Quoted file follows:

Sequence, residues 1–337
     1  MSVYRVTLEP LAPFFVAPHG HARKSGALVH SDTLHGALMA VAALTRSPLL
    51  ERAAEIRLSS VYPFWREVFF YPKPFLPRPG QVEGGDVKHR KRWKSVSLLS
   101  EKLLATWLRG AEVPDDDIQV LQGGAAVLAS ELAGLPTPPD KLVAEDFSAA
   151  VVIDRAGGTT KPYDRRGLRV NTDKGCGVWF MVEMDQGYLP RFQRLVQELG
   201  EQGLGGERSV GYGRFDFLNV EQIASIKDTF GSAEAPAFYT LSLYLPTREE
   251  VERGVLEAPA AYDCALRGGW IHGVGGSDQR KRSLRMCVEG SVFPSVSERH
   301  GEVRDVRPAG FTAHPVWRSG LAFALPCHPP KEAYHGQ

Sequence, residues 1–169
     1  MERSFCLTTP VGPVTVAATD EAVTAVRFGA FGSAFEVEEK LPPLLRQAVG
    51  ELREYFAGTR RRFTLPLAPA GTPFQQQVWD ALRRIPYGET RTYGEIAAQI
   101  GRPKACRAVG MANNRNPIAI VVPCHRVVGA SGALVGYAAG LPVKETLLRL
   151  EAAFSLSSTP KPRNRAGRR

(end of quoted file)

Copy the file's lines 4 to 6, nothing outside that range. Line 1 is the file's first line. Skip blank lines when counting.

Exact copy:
   101  EKLLATWLRG AEVPDDDIQV LQGGAAVLAS ELAGLPTPPD KLVAEDFSAA
   151  VVIDRAGGTT KPYDRRGLRV NTDKGCGVWF MVEMDQGYLP RFQRLVQELG
   201  EQGLGGERSV GYGRFDFLNV EQIASIKDTF GSAEAPAFYT LSLYLPTREE